Friday, February 23, 2018
In an unpublished opinion, the U.S. Court of Appeals for the Ninth Circuit has affirmed the Tax Court decision against a private foundation that allegedly engaged in lobbying prohibited as a taxable expenditure under section 4945 of the Internal Revenue Code. The case of Parks Foundation v. Commissioner had attracted significant attention because of its potential ramifications for how attempting to influence legislation (i.e., lobbying) is defined for federal tax purposes, particularly with respect to private foundations and charities more generally, as previously noted in this space. Perhaps seeking to avoid those issues, the court instead limited its brief opinion to whether the communications at issue failed to qualify as educational because they did not satisfy the methodology test provided by Revenue Procedure 86-43. It found that the Tax Court did not err in concluding that the communications at issue did not satisfy that test. The Ninth Circuit also found that the Tax Court did not err in determining that the "cursory commentary" provided by the Foundation's tax counsel with respect to three of the communications was not reasoned and so did not provide a defense to the manager's tax provided by section 4945(a)(2).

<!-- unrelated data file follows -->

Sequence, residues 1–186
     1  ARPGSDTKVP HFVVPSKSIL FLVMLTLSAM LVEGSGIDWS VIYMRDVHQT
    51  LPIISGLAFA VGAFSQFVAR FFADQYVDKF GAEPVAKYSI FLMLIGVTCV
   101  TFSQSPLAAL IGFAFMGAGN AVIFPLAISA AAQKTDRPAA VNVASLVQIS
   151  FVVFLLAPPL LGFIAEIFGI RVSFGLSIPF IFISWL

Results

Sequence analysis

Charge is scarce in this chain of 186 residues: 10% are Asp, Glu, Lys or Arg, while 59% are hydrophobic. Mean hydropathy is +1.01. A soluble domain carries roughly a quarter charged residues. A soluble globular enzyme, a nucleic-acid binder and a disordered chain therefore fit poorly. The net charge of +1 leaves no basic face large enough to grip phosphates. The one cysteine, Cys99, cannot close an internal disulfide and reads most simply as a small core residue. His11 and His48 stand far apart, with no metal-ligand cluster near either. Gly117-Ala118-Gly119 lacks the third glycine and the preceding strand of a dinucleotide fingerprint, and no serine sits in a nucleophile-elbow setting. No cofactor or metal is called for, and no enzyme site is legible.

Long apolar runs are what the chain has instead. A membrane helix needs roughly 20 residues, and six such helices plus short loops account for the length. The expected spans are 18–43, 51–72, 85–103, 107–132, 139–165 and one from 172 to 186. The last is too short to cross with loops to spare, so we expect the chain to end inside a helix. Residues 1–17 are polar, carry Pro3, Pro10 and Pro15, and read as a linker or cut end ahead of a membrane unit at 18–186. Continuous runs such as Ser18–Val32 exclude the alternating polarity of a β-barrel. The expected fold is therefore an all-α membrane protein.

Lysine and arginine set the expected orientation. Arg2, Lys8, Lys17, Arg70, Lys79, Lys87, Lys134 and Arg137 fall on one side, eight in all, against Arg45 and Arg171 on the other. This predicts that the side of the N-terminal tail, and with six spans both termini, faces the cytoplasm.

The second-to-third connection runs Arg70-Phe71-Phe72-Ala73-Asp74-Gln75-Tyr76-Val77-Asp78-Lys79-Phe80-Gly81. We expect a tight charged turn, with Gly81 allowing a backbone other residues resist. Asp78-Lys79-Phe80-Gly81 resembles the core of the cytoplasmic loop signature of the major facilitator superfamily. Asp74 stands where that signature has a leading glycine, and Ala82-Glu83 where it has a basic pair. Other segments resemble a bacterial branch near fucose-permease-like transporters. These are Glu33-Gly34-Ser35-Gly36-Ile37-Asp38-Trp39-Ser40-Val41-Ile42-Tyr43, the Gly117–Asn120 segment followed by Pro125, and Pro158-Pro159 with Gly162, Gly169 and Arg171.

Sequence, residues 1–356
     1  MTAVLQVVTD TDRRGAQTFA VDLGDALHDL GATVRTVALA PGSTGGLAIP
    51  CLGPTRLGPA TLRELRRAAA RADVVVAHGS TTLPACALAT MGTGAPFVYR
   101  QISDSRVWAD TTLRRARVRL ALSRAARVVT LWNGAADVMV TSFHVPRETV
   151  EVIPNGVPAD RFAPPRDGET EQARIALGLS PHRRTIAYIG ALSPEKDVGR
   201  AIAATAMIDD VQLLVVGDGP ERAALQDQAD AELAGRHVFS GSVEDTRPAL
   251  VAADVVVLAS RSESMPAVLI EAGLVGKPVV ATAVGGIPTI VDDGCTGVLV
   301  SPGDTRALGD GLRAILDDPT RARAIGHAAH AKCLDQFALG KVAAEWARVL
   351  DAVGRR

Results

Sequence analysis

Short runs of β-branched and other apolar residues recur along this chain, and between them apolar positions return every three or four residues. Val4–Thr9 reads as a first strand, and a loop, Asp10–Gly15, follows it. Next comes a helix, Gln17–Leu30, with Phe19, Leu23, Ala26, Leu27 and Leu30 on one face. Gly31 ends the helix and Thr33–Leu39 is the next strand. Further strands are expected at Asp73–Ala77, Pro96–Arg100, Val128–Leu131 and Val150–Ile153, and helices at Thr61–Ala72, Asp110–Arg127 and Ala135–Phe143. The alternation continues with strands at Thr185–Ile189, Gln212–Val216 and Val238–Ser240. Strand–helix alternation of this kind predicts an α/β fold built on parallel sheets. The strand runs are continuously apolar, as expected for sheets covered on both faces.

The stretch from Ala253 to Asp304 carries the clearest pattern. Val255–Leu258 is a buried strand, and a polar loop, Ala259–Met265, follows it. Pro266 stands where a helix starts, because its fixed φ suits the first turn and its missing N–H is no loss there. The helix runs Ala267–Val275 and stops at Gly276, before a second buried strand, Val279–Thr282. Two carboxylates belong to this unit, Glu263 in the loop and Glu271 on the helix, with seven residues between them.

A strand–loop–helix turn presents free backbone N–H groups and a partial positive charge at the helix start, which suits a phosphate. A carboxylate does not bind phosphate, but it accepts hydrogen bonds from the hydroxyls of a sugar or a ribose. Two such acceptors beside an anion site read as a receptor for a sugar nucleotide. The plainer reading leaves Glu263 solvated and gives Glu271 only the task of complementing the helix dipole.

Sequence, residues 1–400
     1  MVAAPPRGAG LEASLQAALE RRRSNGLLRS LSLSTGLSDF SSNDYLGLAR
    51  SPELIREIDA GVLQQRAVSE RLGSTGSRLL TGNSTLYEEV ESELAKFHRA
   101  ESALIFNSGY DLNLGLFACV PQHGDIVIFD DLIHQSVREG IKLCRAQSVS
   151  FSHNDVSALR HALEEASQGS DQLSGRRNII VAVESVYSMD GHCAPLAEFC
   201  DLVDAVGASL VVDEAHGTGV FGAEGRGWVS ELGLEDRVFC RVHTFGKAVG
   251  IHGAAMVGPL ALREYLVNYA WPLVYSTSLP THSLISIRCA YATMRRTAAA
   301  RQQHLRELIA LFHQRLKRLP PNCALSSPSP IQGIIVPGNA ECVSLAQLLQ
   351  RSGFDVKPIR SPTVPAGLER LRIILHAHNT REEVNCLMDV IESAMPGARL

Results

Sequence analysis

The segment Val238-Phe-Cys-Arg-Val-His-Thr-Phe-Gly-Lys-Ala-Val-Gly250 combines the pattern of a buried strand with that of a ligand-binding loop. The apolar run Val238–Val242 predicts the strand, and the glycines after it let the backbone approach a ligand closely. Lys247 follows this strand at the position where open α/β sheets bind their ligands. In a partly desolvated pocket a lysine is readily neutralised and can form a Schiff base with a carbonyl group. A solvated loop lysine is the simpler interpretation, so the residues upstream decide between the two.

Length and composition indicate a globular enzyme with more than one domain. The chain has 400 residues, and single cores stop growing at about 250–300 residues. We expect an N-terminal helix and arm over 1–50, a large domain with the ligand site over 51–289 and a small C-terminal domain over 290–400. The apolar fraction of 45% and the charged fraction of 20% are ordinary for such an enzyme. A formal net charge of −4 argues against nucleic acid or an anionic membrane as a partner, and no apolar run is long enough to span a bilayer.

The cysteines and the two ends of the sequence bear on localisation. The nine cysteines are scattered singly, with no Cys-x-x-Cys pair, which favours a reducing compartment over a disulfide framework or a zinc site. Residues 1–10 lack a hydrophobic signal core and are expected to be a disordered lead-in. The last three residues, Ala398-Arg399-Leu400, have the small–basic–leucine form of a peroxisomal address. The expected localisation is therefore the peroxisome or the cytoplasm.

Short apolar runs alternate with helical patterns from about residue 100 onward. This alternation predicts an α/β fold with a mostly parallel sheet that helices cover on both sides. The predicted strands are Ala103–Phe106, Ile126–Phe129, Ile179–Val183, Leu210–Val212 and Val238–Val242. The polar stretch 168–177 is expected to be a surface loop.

Because the opinion is unpublished, it has only very limited precedential value under the Ninth Circuit Rule 36-3(a) ("Unpublished dispositions and orders of this Court are not precedent, except when relevant under the doctrine of law of the case or rules of claim preclusion or issue preclusion."). What remains to be see therefore is to what extent the underlying Tax Court decision guides future decisions in that and other courts.